See you in Sanctuary Nephalim.
Image source: Official Diablo 3
Hail and welcome everyone! Great news today, the Heroes of the Storm team have announced that the game is now entering Technical Alpha. What is a technical alpha you may ask, well the team have a solid answer to that and much more for you, consistent with their excellent community interaction so far. Heroes is a much anticipated title that has MOBA fans excited, curious, skeptical, and irritated, depending on who you ask. One thing is for certain, the game will garner a ton of attention, and you can be sure it will be a ton of fun.
Technical Alpha is largely about infrastructure and tech testing, as the name suggests, and as such, is limited in scope of those invited, and limited to the USA. Over time, we can expect to see inboxes everywhere light up with invites to the expected upcoming alpha/beta stages. It will be great to finally see some hands on and organic gameplay, and for the Heroes team to use that feedback to get the game into a state they are happy with.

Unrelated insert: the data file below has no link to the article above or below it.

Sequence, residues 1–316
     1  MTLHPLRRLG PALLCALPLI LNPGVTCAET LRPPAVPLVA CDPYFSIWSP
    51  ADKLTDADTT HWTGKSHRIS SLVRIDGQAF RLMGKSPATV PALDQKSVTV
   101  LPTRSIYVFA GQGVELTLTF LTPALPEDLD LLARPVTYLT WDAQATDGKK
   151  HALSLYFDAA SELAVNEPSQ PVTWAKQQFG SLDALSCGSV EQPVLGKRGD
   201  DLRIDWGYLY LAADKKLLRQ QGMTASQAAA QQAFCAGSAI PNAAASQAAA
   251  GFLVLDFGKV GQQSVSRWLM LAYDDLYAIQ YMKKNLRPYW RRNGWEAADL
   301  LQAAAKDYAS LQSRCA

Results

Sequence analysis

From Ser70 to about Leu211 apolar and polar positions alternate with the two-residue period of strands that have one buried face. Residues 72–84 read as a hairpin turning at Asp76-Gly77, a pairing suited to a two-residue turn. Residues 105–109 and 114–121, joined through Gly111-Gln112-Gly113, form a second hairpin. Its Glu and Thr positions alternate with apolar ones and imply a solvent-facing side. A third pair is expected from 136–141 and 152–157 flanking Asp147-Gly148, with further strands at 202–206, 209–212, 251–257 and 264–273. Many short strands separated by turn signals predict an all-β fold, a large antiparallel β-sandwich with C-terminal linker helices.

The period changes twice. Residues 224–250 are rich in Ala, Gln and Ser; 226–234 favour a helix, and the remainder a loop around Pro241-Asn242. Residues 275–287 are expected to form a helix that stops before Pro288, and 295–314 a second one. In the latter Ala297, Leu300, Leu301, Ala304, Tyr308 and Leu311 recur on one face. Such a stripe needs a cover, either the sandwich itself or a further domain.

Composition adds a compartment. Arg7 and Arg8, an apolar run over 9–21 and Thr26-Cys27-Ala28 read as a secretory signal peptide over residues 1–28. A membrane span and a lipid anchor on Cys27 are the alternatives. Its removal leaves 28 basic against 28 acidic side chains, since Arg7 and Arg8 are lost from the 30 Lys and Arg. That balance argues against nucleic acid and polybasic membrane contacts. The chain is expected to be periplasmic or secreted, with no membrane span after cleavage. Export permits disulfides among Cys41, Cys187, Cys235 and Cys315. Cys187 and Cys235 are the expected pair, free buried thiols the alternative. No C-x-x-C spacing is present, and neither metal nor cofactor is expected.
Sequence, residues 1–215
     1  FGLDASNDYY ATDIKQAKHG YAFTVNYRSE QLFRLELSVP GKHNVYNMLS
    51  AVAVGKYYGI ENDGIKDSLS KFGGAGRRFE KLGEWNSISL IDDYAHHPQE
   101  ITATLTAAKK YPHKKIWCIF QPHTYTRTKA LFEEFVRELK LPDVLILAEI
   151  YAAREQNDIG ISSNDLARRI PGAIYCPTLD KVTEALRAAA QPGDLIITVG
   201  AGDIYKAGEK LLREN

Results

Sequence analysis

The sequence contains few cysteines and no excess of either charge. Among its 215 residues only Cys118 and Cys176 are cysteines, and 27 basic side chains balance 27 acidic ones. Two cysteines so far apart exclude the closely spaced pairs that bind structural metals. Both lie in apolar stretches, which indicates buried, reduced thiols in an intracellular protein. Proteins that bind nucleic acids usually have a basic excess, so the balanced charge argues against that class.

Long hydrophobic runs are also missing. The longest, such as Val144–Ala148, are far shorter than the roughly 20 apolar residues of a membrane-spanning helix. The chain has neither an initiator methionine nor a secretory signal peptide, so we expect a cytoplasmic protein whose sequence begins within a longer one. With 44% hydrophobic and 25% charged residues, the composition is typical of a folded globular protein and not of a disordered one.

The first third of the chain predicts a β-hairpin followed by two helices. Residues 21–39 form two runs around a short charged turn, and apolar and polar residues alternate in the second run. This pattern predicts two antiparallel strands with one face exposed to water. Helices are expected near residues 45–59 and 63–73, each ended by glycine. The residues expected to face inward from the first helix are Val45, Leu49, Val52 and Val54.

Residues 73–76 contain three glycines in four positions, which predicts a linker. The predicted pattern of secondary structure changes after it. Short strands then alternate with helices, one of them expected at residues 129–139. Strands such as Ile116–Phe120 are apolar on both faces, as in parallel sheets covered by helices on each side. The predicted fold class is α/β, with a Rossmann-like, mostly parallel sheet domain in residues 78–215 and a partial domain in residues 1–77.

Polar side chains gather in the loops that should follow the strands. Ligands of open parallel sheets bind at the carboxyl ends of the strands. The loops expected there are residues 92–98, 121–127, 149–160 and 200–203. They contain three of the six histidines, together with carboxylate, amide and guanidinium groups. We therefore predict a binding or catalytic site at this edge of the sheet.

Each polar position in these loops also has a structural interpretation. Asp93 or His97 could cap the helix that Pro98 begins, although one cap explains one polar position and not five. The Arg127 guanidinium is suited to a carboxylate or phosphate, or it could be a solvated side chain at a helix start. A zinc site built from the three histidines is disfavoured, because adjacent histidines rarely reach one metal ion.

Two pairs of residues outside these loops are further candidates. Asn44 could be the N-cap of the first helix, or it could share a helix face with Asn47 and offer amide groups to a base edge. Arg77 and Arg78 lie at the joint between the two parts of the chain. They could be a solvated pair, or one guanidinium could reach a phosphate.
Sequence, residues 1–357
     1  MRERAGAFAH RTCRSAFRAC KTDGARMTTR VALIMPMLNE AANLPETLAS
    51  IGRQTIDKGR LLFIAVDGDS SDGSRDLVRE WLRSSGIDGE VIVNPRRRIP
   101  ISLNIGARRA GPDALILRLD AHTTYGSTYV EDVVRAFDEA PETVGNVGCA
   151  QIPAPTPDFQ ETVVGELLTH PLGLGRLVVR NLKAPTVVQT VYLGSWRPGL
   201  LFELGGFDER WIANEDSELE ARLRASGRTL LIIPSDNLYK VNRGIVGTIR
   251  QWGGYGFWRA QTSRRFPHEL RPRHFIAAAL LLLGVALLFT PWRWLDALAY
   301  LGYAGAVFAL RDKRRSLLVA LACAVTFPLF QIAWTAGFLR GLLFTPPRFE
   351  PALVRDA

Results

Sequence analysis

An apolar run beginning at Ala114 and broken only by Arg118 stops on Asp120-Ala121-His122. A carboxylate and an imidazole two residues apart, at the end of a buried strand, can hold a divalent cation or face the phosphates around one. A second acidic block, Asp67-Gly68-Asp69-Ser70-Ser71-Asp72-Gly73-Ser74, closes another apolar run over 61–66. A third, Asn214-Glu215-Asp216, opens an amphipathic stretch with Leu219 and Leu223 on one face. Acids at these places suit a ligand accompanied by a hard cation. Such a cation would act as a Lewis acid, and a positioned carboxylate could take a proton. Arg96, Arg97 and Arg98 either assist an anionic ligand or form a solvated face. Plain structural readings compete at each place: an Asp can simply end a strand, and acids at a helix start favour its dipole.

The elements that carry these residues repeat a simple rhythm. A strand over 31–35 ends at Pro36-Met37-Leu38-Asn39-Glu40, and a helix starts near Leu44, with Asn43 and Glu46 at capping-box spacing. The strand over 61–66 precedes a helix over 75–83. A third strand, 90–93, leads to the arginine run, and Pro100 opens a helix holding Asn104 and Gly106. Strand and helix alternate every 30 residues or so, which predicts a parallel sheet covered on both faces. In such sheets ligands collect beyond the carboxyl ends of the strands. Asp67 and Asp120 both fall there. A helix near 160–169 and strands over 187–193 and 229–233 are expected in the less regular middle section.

As with all things alpha/beta, keep in mind the game will be in an unfinished state, it will have bugs, missing features, broken skills, placeholder artwork etc. Take it all with a grain of salt, as it is certain, things will change before release. Do enjoy the process and seeing the game grow, and share constructive feedback. Overall, stay cool and classy.
Congratulations to the Heroes team, and we wish them every success in the months ahead.
Source: Heroes of the Storm Official